Until then, the WVU offense is prepared to pick up the slack.

“The defense gave up some points and yards, but who cares? We won the game. I don’t want those guys to hang their head,” said Mountaineer quarterback Geno Smith. “It’s a team game. Whatever it takes to get a victory is what we’ll do. I’m pretty sure we’ll need those guys coming up pretty soon.”

“They had one bad day,” wide receiver Tavon Austin agreed. “It was one game, and they’re going to play a bunch. Hopefully they’ll come back next week.”

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Just how rare was Smith’s 656-yard, eight-touchdown performance Saturday and what he’s done through West Virginia’s 4-0 start to the 2012 season? The 2011 NCAA statistics provide a little perspective

Last season, Army threw for 605 yards — in 12 games. That’s 51 yards fewer than Smith racked up in four quarters. His eight touchdown passes topped the 2011 season total for two teams — Army (5) and New Mexico (7) — and tied Florida Atlantic. It was just one behind SEC school Mississippi.

Smith’s season totals are even more astonishing. In four games — two of which he only played three quarters — Smith has thrown for 1,728 yards and 20 touchdowns. The yardage tops the 2011 season totals for Florida Atlantic, Ohio State, Temple, Kentucky, Eastern Michigan, UNLV, Navy and Army, and the touchdown passes put him above the 2011 season totals of all but 61 of 120 Football Bowl Subdivision squads.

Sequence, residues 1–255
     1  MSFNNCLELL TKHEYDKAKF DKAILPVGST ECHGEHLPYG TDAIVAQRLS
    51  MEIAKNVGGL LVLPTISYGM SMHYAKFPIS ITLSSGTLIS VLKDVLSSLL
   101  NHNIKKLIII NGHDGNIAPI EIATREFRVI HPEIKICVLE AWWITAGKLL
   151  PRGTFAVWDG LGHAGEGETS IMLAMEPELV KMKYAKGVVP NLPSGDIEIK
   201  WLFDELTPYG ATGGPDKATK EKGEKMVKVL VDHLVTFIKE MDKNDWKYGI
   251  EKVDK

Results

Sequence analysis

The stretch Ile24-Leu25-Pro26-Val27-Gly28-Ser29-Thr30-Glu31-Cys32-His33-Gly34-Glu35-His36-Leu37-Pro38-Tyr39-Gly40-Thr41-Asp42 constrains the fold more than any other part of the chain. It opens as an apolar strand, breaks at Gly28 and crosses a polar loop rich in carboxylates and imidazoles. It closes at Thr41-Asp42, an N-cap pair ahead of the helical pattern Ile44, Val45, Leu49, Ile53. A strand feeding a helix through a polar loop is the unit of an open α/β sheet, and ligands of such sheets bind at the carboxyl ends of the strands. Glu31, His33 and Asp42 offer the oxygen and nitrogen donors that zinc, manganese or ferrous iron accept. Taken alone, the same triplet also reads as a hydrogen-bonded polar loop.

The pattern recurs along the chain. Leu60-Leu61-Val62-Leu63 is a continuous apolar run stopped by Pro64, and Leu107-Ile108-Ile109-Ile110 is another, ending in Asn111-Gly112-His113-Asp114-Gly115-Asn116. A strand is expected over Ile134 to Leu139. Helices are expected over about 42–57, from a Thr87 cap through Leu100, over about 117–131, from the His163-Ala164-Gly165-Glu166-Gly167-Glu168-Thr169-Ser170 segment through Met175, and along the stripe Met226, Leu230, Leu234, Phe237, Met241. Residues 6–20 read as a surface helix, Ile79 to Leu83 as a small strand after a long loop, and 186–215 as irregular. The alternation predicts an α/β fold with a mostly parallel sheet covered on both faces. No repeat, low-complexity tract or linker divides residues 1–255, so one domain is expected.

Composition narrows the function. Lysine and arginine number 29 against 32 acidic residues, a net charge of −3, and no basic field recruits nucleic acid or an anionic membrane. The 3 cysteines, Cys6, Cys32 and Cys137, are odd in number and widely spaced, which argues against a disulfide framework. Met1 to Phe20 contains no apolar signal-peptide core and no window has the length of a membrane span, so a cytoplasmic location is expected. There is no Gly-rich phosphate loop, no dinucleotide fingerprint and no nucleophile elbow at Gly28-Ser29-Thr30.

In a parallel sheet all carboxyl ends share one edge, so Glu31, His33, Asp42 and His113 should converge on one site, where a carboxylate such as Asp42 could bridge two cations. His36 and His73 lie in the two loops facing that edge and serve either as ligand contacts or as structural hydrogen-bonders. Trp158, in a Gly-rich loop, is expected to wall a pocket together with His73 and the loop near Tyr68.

Smith again earned national recognition for his performance. For the second time this season, the senior from Miami’s Miramar High School was named the Walter Camp Offensive Player of the Week.

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Lost in the sea of numbers produced by Austin — 14 catches for 215 yards and two touchdowns — and Stedman Bailey — 13 catches for 303 yards and five touchdowns — Saturday was a performance from J.D. Woods that normally would have been enough to earn player of the game honors. The senior wide receiver from Naples, Fla., had just 25 catches for 272 yards in his Mountaineer career coming into 2012, but on Saturday alone he hauled in 13 Smith passes for 114 yards and a touchdown.

The biggest reception, though, wasn’t the one in the end zone, but instead a one-handed grab on WVU’s final drive that kept the chains moving and the ball out of Baylor’s hands. The Bears never got an opportunity at a game-tying drive.

“I’m proud of J.D,” said Holgorsen. “The light came on, and he’s doing everything right. He’s practicing hard, doing a good job in the classroom, doing a good job in the weight room and making plays on the field. We’re getting a good senior year out of him.”

What caused the turnaround for a player who spent most of his time in Holgorsen’s doghouse in 2011 and was in danger of not being academically eligible before a strong summer? Offensive coordinator Shannon Dawson said it was simply a matter of timing.

“It’s his senior year,” said Dawson. “It would be like a doctor telling you that you had one month to live. You’d probably live pretty good in that month. This is his last chance, and he’s making the most of it.”